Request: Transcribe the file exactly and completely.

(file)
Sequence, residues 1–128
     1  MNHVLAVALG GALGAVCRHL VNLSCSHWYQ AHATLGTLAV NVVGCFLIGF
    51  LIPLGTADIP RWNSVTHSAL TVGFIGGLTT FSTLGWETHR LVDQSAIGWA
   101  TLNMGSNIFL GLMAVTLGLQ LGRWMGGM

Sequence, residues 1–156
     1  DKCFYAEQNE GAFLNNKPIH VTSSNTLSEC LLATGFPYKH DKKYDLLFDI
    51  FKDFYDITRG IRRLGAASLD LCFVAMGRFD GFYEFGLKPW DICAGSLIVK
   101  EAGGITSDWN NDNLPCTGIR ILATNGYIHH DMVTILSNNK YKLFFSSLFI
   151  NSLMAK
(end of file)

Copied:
Sequence, residues 1–128
     1  MNHVLAVALG GALGAVCRHL VNLSCSHWYQ AHATLGTLAV NVVGCFLIGF
    51  LIPLGTADIP RWNSVTHSAL TVGFIGGLTT FSTLGWETHR LVDQSAIGWA
   101  TLNMGSNIFL GLMAVTLGLQ LGRWMGGM

Sequence, residues 1–156
     1  DKCFYAEQNE GAFLNNKPIH VTSSNTLSEC LLATGFPYKH DKKYDLLFDI
    51  FKDFYDITRG IRRLGAASLD LCFVAMGRFD GFYEFGLKPW DICAGSLIVK
   101  EAGGITSDWN NDNLPCTGIR ILATNGYIHH DMVTILSNNK YKLFFSSLFI
   151  NSLMAK